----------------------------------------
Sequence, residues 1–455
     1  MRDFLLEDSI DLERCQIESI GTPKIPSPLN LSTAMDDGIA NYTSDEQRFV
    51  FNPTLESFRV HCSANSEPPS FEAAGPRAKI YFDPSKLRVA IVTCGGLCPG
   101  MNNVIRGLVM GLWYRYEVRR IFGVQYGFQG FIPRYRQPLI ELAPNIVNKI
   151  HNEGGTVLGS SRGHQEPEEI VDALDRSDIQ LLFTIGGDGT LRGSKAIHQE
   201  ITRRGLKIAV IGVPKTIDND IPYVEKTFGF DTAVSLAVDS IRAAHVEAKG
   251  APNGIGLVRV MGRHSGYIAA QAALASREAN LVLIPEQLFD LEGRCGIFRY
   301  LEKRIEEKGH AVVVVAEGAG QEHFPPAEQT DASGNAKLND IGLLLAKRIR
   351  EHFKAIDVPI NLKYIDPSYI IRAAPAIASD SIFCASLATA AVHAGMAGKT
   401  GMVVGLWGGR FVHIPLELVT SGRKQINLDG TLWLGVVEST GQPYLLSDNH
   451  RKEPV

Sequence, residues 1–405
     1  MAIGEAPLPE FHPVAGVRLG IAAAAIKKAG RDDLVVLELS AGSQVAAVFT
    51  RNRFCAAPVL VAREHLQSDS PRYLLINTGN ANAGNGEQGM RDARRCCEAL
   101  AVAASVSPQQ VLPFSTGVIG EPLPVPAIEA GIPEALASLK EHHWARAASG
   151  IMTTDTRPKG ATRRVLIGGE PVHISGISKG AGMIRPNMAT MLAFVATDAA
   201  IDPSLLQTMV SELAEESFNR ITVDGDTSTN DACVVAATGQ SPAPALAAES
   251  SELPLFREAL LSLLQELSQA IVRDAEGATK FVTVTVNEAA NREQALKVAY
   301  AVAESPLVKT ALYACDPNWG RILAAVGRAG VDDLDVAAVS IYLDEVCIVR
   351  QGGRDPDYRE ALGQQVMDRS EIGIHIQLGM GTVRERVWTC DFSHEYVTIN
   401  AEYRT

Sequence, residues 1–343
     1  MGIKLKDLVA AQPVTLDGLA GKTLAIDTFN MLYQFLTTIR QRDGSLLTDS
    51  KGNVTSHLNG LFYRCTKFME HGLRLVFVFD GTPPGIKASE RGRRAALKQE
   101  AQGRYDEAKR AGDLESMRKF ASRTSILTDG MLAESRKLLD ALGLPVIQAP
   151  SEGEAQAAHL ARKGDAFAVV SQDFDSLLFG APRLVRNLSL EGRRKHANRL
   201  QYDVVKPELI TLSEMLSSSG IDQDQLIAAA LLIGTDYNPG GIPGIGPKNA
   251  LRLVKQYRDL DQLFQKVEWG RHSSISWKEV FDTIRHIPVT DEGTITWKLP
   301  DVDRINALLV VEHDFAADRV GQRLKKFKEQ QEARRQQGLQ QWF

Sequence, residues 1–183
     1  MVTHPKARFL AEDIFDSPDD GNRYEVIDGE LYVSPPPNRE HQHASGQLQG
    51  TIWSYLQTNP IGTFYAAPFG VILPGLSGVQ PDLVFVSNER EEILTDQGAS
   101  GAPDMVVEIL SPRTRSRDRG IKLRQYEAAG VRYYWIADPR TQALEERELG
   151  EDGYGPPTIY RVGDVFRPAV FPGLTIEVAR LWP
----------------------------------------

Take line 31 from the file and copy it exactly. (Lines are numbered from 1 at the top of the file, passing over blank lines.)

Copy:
     1  MVTHPKARFL AEDIFDSPDD GNRYEVIDGE LYVSPPPNRE HQHASGQLQG